Abstract: Because of its high incidence and potential threat to social cohesion, youth unemployment is a global concern. This study uses a randomized controlled trial to analyze the effectiveness of a demand-driven vocational training program for disadvantaged youth in Mongolia. Mongolia, a transitional country whose economic structure shifted from a communist, centrally planned economy to a free-market economy over a relatively short period, offers a new setting in which to test the effectiveness of standard active labor market policies. This study reports positive and statistically significant short-term effects of vocational training on monthly earnings, skills matching, and self-employment. Substantial heterogeneity emerges as relatively older, richer, and better-educated individuals drive these positive effects. A second intervention that randomly assigns participants to receive repetitive weekly newsletters with information on market returns to vocational training shows positive impacts on the length of exposure to and successful completion of the program. These positive effects, however, are only observed at the intensive margin and do not lead to higher employment or earnings outcomes.
    JEL: J18 J08 J24 J38 C93
    Date: 2019–08
  8. By: International Monetary Fund
    Abstract: In recent years, the authorities have put in place a sound macroeconomic policy framework that has reduced uncertainty and helped weather external shocks. The current macroeconomic policy mix combines moderately tight monetary policy with a broadly neutral fiscal stance. The medium-term growth outlook remains modest due to structural constraints and sanctions. The authorities have implemented some politically difficult measures in the past year (pension reform and a VAT increase) and have announced plans aimed at raising productivity growth, including higher public spending on infrastructure, health, and education. To significantly increase Russia’s long-term growth prospects and reduce stagnation risks, deeper efforts are needed to address the large footprint of the state, overbearing regulation, and governance and institutional weaknesses.
    Date: 2019–08–02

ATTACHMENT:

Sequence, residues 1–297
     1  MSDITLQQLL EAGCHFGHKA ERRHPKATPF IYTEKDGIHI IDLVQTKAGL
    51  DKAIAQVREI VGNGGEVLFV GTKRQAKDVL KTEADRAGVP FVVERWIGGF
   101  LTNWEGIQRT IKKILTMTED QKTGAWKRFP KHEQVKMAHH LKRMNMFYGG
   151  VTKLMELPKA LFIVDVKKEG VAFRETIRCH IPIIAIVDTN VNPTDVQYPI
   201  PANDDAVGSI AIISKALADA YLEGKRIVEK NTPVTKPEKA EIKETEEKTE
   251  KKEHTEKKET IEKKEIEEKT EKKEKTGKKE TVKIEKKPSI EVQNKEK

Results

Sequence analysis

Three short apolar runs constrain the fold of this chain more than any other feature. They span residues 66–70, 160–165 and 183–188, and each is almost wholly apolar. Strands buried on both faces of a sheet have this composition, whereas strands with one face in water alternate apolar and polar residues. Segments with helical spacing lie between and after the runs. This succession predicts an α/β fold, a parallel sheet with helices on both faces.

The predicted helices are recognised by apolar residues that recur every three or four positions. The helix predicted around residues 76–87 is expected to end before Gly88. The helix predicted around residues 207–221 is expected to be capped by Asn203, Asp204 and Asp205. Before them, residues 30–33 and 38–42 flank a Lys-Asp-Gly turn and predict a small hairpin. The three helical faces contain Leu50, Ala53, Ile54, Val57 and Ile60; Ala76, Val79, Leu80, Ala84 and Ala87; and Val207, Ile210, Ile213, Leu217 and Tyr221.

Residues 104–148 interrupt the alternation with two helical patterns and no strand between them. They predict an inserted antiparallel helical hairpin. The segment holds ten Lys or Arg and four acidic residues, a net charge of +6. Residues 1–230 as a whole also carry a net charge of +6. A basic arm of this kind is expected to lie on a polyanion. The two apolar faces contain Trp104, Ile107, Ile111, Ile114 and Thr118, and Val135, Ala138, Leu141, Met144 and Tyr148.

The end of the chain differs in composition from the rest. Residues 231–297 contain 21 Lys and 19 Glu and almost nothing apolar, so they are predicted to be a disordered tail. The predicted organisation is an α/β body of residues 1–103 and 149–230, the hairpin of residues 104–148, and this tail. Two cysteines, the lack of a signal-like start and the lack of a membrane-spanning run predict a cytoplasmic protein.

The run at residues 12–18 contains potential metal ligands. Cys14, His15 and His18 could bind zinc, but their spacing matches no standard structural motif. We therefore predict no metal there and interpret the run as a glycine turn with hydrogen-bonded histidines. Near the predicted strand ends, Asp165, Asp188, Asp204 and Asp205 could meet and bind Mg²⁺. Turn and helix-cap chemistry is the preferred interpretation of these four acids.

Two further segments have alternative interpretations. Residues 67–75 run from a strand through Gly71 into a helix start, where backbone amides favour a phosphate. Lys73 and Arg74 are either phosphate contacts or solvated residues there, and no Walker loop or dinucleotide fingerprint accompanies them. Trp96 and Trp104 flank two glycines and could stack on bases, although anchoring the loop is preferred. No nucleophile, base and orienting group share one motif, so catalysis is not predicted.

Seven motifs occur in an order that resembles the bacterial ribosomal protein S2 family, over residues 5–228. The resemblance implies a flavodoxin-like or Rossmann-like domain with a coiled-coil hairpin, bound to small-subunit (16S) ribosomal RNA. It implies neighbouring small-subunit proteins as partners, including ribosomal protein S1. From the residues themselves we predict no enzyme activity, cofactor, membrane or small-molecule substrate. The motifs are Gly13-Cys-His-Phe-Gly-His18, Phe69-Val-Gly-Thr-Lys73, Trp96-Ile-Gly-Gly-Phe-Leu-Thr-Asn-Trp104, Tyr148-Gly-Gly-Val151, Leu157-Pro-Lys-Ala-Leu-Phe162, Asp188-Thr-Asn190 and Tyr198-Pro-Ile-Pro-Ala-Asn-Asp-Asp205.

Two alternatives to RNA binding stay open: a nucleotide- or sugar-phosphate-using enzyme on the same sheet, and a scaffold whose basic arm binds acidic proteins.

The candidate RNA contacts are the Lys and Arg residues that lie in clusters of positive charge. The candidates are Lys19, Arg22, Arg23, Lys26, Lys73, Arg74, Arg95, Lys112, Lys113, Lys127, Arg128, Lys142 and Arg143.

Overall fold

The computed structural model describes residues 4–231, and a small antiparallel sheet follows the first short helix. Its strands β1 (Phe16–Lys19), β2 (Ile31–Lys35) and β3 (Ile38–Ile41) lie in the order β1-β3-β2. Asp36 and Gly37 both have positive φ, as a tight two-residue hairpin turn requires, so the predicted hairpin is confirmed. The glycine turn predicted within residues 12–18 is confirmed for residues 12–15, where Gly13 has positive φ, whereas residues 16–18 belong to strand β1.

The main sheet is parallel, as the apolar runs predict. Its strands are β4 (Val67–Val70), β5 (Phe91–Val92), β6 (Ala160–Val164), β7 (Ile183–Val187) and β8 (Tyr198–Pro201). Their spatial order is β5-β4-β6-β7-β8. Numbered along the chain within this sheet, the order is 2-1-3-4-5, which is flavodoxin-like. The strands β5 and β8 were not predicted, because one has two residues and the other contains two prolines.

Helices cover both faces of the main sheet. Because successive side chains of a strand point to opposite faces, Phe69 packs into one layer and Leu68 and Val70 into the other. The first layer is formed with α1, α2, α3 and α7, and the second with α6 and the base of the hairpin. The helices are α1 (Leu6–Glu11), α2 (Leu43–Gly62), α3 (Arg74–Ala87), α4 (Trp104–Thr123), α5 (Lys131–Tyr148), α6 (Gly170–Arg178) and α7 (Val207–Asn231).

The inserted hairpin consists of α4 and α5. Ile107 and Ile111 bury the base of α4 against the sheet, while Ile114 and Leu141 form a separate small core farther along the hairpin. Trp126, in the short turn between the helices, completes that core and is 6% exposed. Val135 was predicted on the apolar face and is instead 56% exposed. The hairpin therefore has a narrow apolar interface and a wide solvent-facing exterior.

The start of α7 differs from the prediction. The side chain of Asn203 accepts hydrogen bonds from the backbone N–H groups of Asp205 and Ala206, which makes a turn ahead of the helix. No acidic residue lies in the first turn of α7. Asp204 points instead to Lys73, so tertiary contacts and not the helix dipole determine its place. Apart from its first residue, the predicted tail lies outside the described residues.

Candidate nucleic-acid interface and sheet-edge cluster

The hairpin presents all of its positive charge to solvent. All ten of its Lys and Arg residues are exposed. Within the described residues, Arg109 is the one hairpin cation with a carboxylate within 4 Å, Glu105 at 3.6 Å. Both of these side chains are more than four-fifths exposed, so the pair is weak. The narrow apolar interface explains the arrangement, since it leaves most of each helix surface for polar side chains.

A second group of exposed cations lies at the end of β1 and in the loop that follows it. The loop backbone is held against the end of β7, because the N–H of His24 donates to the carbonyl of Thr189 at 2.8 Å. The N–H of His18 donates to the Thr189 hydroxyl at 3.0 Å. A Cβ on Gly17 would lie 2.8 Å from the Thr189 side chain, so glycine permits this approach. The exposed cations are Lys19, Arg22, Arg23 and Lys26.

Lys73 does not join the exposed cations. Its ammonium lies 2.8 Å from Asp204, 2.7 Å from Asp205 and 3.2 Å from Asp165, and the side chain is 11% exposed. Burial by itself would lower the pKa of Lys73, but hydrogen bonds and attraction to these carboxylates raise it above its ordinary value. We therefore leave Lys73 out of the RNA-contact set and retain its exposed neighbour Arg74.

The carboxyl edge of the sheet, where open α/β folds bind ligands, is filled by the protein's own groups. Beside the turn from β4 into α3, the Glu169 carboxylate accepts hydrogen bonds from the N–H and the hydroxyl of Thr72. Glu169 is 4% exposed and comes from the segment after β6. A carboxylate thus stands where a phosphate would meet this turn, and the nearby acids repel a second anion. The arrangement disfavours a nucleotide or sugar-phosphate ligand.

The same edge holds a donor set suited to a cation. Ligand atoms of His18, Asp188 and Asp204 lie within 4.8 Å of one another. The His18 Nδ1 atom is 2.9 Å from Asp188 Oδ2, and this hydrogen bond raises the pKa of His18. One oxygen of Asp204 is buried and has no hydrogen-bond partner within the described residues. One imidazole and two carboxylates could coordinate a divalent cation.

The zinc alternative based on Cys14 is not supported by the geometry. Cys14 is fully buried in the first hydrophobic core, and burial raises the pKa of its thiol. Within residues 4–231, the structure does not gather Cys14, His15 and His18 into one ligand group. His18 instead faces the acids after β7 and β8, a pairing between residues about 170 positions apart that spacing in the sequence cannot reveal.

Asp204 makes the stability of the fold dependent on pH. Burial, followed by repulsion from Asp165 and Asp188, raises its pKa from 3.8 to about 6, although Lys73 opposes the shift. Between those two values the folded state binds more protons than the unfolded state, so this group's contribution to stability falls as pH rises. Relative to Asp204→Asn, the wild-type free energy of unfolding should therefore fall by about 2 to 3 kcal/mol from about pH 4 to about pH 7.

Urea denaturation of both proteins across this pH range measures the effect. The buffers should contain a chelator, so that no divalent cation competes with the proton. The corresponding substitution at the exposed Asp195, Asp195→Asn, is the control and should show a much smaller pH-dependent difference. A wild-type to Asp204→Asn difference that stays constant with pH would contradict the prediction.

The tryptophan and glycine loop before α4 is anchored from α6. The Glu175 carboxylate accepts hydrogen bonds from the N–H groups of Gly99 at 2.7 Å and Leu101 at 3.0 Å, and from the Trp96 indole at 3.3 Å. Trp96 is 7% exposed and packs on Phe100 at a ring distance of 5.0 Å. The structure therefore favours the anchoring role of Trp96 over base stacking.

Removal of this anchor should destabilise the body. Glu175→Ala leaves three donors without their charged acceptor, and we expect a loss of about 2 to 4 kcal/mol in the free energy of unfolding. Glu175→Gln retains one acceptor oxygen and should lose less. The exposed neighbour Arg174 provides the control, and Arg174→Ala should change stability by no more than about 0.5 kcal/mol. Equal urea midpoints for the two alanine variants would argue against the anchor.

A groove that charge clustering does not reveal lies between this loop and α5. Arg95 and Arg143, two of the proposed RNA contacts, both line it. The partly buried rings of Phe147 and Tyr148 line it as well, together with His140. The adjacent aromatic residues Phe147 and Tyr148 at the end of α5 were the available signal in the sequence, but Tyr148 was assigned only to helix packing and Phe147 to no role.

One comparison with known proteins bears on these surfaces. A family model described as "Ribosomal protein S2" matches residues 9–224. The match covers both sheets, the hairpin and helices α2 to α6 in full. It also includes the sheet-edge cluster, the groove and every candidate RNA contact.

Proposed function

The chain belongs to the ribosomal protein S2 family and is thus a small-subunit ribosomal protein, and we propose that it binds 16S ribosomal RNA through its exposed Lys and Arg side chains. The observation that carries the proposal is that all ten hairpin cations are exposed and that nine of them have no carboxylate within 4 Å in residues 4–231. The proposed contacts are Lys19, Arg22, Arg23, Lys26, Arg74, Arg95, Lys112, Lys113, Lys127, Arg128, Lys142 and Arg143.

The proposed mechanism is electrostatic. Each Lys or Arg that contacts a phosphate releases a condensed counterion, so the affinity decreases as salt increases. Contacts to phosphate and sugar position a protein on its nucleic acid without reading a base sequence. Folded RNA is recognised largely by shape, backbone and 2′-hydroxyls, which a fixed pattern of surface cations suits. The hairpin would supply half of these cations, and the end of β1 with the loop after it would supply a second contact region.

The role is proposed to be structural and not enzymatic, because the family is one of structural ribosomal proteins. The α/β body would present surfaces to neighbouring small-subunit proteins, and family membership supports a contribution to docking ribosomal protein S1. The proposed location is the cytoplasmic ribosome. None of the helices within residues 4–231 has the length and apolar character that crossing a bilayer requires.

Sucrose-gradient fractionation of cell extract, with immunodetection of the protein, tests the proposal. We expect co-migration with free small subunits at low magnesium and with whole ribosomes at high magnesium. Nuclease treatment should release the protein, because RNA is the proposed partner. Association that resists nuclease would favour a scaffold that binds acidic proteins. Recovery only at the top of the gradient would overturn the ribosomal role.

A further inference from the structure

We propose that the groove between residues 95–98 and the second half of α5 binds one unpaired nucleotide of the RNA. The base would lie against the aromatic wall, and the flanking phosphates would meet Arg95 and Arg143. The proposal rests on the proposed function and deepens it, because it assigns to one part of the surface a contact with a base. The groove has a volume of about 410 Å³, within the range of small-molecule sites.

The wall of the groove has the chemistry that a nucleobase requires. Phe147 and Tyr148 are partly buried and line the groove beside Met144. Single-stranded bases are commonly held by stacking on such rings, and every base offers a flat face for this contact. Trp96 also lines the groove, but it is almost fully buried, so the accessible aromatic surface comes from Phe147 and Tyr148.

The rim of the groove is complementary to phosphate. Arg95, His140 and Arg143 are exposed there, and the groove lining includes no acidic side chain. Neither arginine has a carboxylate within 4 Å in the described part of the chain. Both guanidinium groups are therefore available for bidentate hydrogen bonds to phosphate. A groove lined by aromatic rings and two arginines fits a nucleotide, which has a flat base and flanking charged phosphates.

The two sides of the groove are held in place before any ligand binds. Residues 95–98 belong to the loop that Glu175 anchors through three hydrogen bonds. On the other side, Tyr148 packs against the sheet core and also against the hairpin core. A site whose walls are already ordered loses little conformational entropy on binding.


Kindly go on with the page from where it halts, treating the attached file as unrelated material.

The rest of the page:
9. By: Yang Mestre-Zhou (MRE, Université de Montpellier)
    Abstract: In recent years the Chinese government has instituted a series of reforms to restructure and open the Chinese financial system. This paper studies the dynamic correlations and sensitivities between Chinese mainland stock market and five major stock markets with the multivariate t-DCC-GARCH model. We also consider a Normal-DCC model and results show that t-DCC improves slightly the results. The analysis of reforms’ effects on dynamic correlations and sensitivities prove that the Chinese mainland market is more closely tied to Asian stock markets over time, followed by the United States, and with relatively lower correlations with Europe and the United Kingdom. We highlight that the implementation of reforms changes theirs correlations and sensitivities over time. Since the reforms, the correlation between China and international stock markets has been reinforced.
    Keywords: DCC-GARCH, bivariate t distribution, Chinese Stock Market, Dynamic Correlation, Timevarying sensitivity, Chinese reforms
    JEL: C32 C58 G15
    Date: 2019–08
  10. By: Victor Lyashok (National Research University Higher School of Economics)
    Abstract: This paper examines the impact of the 34% increase in pensions in Russia at the end of 2009 and the beginning of 2010 on the labor market participation of pensioners. Several particular features of the pension system in Russia allow us to estimate the net effect of income from such a reform. For evaluation, we used a method combining difference-in-difference and regression discontinuity methods. The results showed that real pension growth by a third reduced labor force participation rate by 6–7.1% for men and by 6–6.4% for women. The heterogeneity of the impact of this reform was also investigated. Estimates showed that the effect was lower for more educated people or those living in villages and was completely absent among those who rated their health as poor or very bad